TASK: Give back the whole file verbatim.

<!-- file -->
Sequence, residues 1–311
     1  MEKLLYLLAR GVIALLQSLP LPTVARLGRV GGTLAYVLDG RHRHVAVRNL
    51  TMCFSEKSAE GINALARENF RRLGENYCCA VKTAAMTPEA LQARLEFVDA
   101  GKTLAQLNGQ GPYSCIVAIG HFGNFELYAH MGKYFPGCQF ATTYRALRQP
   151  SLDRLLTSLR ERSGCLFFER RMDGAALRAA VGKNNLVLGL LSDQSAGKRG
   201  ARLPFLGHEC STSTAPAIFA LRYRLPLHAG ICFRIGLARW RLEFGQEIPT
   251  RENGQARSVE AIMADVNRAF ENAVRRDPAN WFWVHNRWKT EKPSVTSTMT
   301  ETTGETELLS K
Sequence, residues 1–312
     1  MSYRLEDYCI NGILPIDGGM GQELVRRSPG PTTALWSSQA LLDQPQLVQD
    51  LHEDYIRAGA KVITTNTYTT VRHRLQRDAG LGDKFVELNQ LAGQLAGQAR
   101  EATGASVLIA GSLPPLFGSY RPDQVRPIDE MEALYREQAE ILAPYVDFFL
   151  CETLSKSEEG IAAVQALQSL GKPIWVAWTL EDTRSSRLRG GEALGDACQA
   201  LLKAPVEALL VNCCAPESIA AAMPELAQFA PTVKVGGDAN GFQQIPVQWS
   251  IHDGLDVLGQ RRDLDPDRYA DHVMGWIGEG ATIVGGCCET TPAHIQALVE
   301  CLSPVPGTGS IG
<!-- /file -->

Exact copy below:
Sequence, residues 1–311
     1  MEKLLYLLAR GVIALLQSLP LPTVARLGRV GGTLAYVLDG RHRHVAVRNL
    51  TMCFSEKSAE GINALARENF RRLGENYCCA VKTAAMTPEA LQARLEFVDA
   101  GKTLAQLNGQ GPYSCIVAIG HFGNFELYAH MGKYFPGCQF ATTYRALRQP
   151  SLDRLLTSLR ERSGCLFFER RMDGAALRAA VGKNNLVLGL LSDQSAGKRG
   201  ARLPFLGHEC STSTAPAIFA LRYRLPLHAG ICFRIGLARW RLEFGQEIPT
   251  RENGQARSVE AIMADVNRAF ENAVRRDPAN WFWVHNRWKT EKPSVTSTMT
   301  ETTGETELLS K
Sequence, residues 1–312
     1  MSYRLEDYCI NGILPIDGGM GQELVRRSPG PTTALWSSQA LLDQPQLVQD
    51  LHEDYIRAGA KVITTNTYTT VRHRLQRDAG LGDKFVELNQ LAGQLAGQAR
   101  EATGASVLIA GSLPPLFGSY RPDQVRPIDE MEALYREQAE ILAPYVDFFL
   151  CETLSKSEEG IAAVQALQSL GKPIWVAWTL EDTRSSRLRG GEALGDACQA
   201  LLKAPVEALL VNCCAPESIA AAMPELAQFA PTVKVGGDAN GFQQIPVQWS
   251  IHDGLDVLGQ RRDLDPDRYA DHVMGWIGEG ATIVGGCCET TPAHIQALVE
   301  CLSPVPGTGS IG